Take the 2-minute tour ×
Stack Overflow is a question and answer site for professional and enthusiast programmers. It's 100% free, no registration required.

Grails 1.1 onwards has 'encodeAsMD5' available on Strings -- is there a way to provide a salt for the function?

Typical usage:

${myString.encodeAsMD5()}

Another option would be to use the Apache DigestUtils class.

I'm not using this to do password hashing -- instead, I'm using it for a verification mechanism to determine when a request was created and how much time elapsed when the response was received.

To start out, I encrypt the date/time of when a request was initially created and pass it over to the client. Later when the client sends some data back, it includes the original hash value which is then used in determining how much time has passed.

share|improve this question

2 Answers 2

up vote 3 down vote accepted

Are you wanting to have a salt because you're trying to do password hashing? If so, please consider jBCrypt, a secure, really easy-to-use, password hashing library. You can probably easily hook it in as a Groovy string metamethod. :-P

And if you're not doing password hashing, I'm not sure where a salt would come in; please feel free to elaborate in that case. :-)


Example of how to use HMAC to do keyed hashing (I used HmacMD5 in my example, but you can use HmacSHA1, HmacSHA256, HmacSHA384, or HmacSHA512 also):

import javax.crypto.Mac;
import javax.crypto.spec.SecretKeySpec;

public byte[] hmacMD5(byte[] key, byte[] data) {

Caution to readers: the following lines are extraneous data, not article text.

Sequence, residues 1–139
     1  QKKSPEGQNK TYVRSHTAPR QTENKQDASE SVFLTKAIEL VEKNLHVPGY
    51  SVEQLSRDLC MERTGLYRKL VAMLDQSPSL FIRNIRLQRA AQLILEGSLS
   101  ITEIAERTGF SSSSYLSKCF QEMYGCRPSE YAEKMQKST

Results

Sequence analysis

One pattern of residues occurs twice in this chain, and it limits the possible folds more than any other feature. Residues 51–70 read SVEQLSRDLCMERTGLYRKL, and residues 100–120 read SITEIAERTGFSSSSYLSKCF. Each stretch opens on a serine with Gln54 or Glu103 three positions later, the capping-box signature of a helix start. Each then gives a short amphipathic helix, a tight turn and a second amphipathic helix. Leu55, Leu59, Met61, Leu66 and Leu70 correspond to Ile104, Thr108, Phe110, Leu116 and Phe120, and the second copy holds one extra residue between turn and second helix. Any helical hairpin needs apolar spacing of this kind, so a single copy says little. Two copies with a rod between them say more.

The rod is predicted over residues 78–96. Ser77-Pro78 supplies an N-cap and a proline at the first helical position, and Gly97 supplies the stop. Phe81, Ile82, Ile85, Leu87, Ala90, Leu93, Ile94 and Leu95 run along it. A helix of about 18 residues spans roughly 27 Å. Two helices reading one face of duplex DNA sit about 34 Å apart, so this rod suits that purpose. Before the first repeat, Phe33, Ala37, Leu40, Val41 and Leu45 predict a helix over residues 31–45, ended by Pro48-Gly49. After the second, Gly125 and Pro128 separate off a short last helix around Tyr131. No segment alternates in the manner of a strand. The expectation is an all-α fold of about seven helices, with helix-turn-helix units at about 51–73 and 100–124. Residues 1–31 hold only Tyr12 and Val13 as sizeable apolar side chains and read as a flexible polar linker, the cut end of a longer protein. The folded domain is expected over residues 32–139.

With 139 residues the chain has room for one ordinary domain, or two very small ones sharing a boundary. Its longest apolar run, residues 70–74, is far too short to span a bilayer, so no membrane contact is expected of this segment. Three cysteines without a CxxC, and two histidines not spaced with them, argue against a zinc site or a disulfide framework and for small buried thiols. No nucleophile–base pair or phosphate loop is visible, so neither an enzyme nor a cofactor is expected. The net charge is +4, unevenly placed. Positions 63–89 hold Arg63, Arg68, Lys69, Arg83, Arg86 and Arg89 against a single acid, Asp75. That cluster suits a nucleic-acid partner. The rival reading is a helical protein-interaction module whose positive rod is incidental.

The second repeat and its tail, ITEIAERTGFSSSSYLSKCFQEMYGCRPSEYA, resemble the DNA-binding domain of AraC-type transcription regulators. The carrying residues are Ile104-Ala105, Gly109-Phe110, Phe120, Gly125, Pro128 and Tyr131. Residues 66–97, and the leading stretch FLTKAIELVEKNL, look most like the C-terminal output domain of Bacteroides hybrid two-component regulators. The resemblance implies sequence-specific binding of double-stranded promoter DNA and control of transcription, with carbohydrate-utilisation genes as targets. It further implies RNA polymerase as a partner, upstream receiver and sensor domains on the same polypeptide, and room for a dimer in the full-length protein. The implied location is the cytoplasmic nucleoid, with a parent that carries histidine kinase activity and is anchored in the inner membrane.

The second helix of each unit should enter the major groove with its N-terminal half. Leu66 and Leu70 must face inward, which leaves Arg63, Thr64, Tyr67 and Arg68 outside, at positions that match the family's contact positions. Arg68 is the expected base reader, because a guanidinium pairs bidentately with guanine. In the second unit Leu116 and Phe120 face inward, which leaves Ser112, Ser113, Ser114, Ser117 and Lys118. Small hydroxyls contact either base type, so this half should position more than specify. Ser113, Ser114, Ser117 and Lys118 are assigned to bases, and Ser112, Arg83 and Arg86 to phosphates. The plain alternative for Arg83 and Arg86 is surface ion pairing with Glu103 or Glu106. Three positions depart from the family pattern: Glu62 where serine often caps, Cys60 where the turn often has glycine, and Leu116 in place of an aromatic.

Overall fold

Mac mac = Mac.getInstance("HmacMD5");
    mac.init(new SecretKeySpec(key, "HmacMD5"));
    mac.update(data);
    return mac.doFinal();
}

I'm sorry that this is in Java and not Groovy, but hopefully it'll be easy enough for you to adapt. :-) Anyway, in this example, your constant value would be the key, and the incoming data would be the data.

If your data is sizeable (unlikely from what you've described), you can call update multiple times, and the hash would work as though the data from those calls were all concatenated together.

share|improve this answer
    
I updated my question to clarify. Not using this for password hashing. –  Robin Jamieson Feb 3 '10 at 2:12
1  
@Robin: Based on your question edit, am I to take it that the "salt" here refers to the timestamp you're sending to the client, which you are expecting it to send back verbatim? –  Chris Jester-Young Feb 3 '10 at 2:50
    
If so, one way to verify the hash is to use something like HMAC-MD5, and use your timestamp as the HMAC key. –  Chris Jester-Young Feb 3 '10 at 2:57
    
no the salt is a constant value. timestamp is what I'm hashing and it will be unique each time. So salting is only necessary to make passwords unique but not for other scenarios? –  Robin Jamieson Feb 3 '10 at 3:25
    
@Robin: In that case, using HMAC-MD5 (with your constant as the HMAC key), and hashing the timestamp, is definitely the right way to go. I'll update my answer with a code example (in Java, but easy enough to adapt to Groovy). –  Chris Jester-Young Feb 3 '10 at 3:48

Can't you use MessageDigest (Example)? You'll have to cache the original timestamp/hash, or better yet, store the inbound and outbound transmissions in some sort of auditing table.

share|improve this answer

Your Answer

 
discard

By posting your answer, you agree to the privacy policy and terms of service.

Not the answer you're looking for? Browse other questions tagged or ask your own question.